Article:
If the public cannot respect the environment and their surroundings, the only alternative/solution is to completely ban all single use disposable plastic items. The Government and some Municipal bodies had, as way back as in 2011 and 2014 imposed the ban on plastic bags below 40 micron. In Dimapur, licences to only 4/5 manufacturers was given, but plastic bags below the specified microns are still found and used in abundance. Areas/ localities outside the municipal jurisdiction in Dimapur too, continue to supply/distribute plastic bags of lesser thickness. This ban was reiterated as recent as November 2018 (50 microns) but there is still no reduction in the availability of all kinds of plastic bags/single use plastics. There is a total disregard to Government directions, and this should be taken as a challenge by the authorities concern. Sufficient time has been given to both the manufacturers/traders and the public to make the transition. This is also a clear indication that as long as there are conditions/loopholes in government direction, unscrupulous elements will always exist and it will be impossible to ensure the effectiveness to any restrictions. It is surprising to find that even many government departments are themselves defaulters in implementing these restrictions. Many of the outposts in the districts not even aware of the existence of these ban notification or any policy decisions of the government. This is the sorry state of affairs in our state.


When the issue of total ban is brought up, the most frequented question is “what is the alternative?”Really? Are we that concern about public convenience or about the larger issue of pollution? Which is impacting us more severely and more negatively? Will the public not buy groceries and other essentials if there are “no alternatives?”Let’s be realistic. People will continue to shop as before and will find their own alternatives out of necessity. As the saying goes “necessity is the mother of invention”. The same can be said about business establishments. Human ingenuity to adapt to situations should not be undermined or overlooked. When the need for something becomes imperative, we are forced to find ways of getting or achieving it. As long as these single use items are made available the life style changes required will never take place for the majority of the people. Choices are rarely made for the right reasons. Sometimes, there is a need for stricter measures to ensure complete compliance. Much depends on the political willingness of our law makers to bring about sticker restrictions and effectively enforcing it.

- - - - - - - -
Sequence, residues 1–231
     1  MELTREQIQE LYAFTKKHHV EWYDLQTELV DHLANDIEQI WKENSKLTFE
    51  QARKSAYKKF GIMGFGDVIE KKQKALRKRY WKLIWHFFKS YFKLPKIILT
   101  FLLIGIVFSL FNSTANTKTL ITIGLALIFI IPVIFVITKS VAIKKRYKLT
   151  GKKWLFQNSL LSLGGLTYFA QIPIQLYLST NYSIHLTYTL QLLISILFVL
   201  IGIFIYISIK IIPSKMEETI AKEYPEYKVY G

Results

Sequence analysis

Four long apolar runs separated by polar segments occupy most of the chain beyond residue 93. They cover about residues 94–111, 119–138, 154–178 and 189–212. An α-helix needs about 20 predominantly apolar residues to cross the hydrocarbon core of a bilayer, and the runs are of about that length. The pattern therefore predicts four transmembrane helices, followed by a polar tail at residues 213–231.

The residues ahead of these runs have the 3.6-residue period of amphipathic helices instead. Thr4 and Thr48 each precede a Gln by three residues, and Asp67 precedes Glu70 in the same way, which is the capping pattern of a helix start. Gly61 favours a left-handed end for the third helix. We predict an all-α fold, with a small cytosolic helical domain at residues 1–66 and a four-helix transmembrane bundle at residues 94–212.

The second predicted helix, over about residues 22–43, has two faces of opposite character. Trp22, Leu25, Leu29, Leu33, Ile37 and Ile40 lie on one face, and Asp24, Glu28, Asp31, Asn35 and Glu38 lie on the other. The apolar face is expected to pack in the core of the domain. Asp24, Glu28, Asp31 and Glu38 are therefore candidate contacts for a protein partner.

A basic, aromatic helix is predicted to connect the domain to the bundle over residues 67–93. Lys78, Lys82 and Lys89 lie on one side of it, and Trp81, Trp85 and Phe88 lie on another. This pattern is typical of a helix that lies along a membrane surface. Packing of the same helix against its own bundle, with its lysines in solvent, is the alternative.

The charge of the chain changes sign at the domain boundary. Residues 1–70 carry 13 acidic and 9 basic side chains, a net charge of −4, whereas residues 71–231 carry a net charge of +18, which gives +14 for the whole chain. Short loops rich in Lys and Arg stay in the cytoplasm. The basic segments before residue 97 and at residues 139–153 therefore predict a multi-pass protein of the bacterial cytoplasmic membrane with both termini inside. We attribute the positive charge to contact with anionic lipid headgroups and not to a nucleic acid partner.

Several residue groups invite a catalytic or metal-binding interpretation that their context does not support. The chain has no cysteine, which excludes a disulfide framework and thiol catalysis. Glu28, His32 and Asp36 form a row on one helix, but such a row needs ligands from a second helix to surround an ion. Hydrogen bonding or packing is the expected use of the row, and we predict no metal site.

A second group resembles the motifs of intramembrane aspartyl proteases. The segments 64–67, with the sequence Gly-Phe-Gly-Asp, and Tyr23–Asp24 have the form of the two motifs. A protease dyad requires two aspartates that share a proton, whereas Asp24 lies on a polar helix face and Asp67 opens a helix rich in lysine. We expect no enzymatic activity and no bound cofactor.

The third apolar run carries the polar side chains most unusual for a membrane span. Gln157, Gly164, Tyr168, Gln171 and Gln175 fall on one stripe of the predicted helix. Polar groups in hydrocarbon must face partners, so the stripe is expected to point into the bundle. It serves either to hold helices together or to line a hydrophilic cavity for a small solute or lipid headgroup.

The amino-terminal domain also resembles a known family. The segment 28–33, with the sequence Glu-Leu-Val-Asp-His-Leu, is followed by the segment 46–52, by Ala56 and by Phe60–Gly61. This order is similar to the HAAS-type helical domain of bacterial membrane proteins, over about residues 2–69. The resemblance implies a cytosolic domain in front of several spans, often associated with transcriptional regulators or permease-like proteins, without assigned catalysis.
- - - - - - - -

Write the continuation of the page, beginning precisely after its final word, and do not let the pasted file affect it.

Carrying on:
Many countries and some states in India has imposed total ban on single use plastic. In some countries it is the public pressure / youth activists that had forced the government to ban plastic bags. In Nagaland too, anyone who is concern about the state of our land and the untold damages that single use plastics is inflicting on our environment, land, water, animals and humans and our meagre resources, will understand the need to do without these items. There may be a little inconvenience initially, but these are not life threatening. It is only a matter of adjustments, and alternatives will come along as per the needs and demands of the public. Already some entrepreneurs are in the process of providing these alternatives. The only problem is will there be sufficient demand for these alternatives. Let it not be a case of the chicken and egg story. Which should come first?


Sometimes the public also need to take the lead in voicing their concern on matters of public interest and wellbeing, and not remain silent spectators to the changing and challenging needs of the time. A conscious society is a progressive society.


It is time now, that the Government take a firm decision on the total ban of single use plastics, without conditions. Penalties should also be imposed on habitual defaulters. Strict regulations should also be made, to ensure that plastics do not find their way into drains and rivers. Public awareness and sensitization activities should be intensified. The state had witnessed our vulnerability to disaster, causing significant budgetary pressures with both short term fiscal impacts and wider long term development implications. The state is yet to recover fully from last year’s disaster, and if predications are to believed we may never recover. The issue to “To Ban or not to Ban all single use plastics in total” must be seen in the context of which is the “bigger dilemma”.